– Temur Durrani

Ontario PC Party Leader Doug Ford and his wife Karla Ford smile as the watch the provincial election results start to appear in Toronto on June 2.Frank Gunn/The Canadian Press

9:30 p.m. ET

Doug Ford wins his Etobicoke North riding

Doug Ford has won his seat in the Ontario legislature.

The Progressive Conservative leader has been re-elected to represent Etobicoke North – the heart of so-called Ford Nation – at Queen’s Park for the second time. Ford was up against Aisha Jahangir for the NDP and Julie Lutete for the Liberals.

– The Canadian Press

9:20 p.m. ET

Mike Schreiner re-elected in Guelph

Green Leader Mike Schreiner has been re-elected in his Guelph riding.

He became the province’s first Green Member of Provincial Parliament in 2018, around the same time as other Green politicians made breakthroughs in British Columbia and Atlantic Canada.

Schreiner has served as leader of the Greens since 2009.

– The Canadian Press

9:16 p.m. ET

Broadcast networks call Progressive Conservative majority victory

Ontario Progressive Conservative Leader Doug Ford has won re-election with a second majority government, broadcast networks project.

CBC News, CTV News and Global News projected the Progressive Conservative majority in the provincial election Thursday night.

The PCs won a majority government in 2018 with 76 out of 124 seats in the legislature.

Ballots are still being counted in ridings across Ontario, so the size of the PC victory remains to be seen.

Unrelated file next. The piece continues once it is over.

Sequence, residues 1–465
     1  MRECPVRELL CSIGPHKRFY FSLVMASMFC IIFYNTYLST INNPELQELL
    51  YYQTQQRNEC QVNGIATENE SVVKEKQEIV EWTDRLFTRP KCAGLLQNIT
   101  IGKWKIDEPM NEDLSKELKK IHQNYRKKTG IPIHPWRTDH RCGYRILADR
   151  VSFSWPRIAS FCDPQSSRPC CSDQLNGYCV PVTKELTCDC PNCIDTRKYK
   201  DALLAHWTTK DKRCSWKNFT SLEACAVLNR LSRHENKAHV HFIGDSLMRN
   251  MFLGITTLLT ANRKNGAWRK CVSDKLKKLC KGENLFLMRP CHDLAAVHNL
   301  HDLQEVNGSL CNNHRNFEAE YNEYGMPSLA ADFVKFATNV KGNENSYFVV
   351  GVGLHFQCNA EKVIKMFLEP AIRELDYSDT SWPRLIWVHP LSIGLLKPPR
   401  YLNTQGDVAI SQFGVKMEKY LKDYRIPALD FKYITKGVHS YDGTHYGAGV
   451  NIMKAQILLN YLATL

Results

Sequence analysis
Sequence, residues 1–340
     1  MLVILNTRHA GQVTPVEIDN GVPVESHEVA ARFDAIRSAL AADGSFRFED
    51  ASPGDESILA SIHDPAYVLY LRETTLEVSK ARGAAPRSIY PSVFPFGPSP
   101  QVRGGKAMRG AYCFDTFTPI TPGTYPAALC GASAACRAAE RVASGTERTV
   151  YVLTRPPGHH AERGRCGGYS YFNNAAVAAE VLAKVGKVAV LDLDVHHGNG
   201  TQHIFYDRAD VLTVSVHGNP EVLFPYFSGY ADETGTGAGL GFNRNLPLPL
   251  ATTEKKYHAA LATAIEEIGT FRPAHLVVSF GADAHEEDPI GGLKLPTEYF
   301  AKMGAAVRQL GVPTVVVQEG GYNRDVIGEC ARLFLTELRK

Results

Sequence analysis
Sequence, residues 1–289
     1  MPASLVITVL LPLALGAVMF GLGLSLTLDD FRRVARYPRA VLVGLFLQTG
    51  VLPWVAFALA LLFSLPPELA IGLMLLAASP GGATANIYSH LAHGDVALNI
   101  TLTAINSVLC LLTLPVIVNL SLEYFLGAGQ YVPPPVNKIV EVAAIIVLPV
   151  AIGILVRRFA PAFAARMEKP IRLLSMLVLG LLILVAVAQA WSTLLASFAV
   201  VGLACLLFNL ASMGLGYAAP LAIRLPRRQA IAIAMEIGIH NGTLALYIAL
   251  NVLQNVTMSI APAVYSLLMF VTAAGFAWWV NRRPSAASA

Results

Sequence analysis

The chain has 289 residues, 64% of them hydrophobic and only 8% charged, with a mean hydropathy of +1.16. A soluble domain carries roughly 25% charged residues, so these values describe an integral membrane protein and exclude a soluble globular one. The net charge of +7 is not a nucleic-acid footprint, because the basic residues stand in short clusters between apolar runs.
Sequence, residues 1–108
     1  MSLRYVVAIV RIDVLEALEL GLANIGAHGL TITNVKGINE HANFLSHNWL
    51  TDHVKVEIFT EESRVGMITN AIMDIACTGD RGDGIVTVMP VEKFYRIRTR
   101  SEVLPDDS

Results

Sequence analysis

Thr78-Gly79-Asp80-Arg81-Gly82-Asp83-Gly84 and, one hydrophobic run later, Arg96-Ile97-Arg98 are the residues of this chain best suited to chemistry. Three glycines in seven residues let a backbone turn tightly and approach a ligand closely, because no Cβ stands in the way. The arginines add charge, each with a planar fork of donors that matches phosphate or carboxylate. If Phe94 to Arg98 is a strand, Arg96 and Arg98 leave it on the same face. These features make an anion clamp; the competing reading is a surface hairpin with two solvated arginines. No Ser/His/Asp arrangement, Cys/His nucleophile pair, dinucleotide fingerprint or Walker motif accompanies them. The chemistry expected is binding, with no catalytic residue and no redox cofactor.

9:01 p.m. ET

Most polls across Ontario now closed

Most polls have closed in Ontario and results are expected to begin trickling in soon.

The results in 19 of the 124 ridings will be delayed because of issues at some polling stations.

7:25 p.m. ET

Voting extended in 19 ridings

Some voters in 19 Ontario ridings will be able to cast their ballots late into the night Thursday – with a few polling stations staying open until 11 p.m. – due to “unavoidable delays” getting voting started in the provincial election, Elections Ontario said.

The decision means that Elections Ontario will not release any results from those 19 electoral districts until all polls have closed.

Most polls across Ontario close at 9 p.m. The voting extensions range from 10 minutes to two hours.

Most polls across Ontario close at 9 p.m. The voting extensions range from 10 minutes to two hours.Elections Ontario did little to publicize the extended voting hours at certain polling locations, only releasing the information in a news release at 7:30 p.m.”

While we endeavor to have all polls open on time, unavoidable delays may occur,” the news release said. “In such cases, Ontario’s Chief Electoral Officer has the authority under subsection 40(5) of the Election Act to extend voting hours.”